catallaxy files

catallaxy in technical exile

Lessons from disaster

Pete Boettke from Coordination Problem, formerly The Austrian Economists, posts on the application of  research findings from Katrina and other disasters to Haiti. The bottom line is that recovery from disaster is just another example of development and the same rules apply.

Two of the lead researchers in this project were Russell Sobel of West Virginia University (a leading scholar in empirical public choice) and Emily Chamlee-Wright of Beloit College (a leading scholar of qualitative research in economic development).  I asked both if they would share what they thought were the main lessons from their study of Hurricane Katrina for how to deal with the tragedy in Haiti.

Russ Sobel replied: “Pete Leeson and I argue in our Katrina work that the role of government after a disaster is similar to their proper role in normal times.  Protect rights, create law and order, and let markets get to work in delivering and allocating goods and services. (emphasis added) The stories I’ve heard about the looting and lawlessness there, similar to Katrina, show how the government is failing to do it’s basic job yet again.  After Katrina not only did the government fail at this job, but then it also infringed on the market’s ability to work–a double whammy.”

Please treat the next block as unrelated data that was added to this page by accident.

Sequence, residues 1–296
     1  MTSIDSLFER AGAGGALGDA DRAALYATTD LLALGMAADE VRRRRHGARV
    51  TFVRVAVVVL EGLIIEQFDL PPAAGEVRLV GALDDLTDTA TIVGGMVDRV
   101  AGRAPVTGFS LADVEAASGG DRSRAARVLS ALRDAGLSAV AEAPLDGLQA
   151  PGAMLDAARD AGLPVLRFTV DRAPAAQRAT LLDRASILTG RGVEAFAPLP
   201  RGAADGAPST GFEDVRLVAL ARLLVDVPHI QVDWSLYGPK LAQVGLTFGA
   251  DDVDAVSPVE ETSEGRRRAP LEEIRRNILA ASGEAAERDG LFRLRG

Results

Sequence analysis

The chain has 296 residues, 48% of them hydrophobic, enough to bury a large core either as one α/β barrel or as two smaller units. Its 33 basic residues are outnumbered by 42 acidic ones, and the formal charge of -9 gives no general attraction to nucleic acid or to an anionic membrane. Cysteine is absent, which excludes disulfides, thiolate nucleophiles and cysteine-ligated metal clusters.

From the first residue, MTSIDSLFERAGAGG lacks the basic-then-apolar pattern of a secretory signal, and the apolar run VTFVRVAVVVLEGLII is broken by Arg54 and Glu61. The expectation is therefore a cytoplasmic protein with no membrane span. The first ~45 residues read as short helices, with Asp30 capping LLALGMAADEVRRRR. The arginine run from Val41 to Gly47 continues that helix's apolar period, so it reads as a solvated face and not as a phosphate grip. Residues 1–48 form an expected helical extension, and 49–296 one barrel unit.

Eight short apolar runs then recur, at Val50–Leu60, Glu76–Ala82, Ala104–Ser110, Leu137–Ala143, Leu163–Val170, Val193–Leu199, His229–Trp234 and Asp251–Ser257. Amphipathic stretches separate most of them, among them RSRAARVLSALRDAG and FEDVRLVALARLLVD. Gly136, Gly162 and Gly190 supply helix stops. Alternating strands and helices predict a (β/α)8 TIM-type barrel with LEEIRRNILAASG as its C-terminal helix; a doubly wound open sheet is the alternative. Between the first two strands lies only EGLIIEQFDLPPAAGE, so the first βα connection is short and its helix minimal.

Emily Chamily-Wright replied: “The theme we ought to hit is “what can outsiders do to tap the capacity of civil society?”. This advice is rather general and abstract, but that is part of the point. Official relief providers can extend their effectiveness by identifying community networks and leaders within those networks that can be the source of local knowledge, authority, and habits of association that can be pivotal to rescue operations, administration of relief and taking the first steps toward recovery.”

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Written by Rafe

January 21, 2010 at 8:10 am

Posted in Uncategorized

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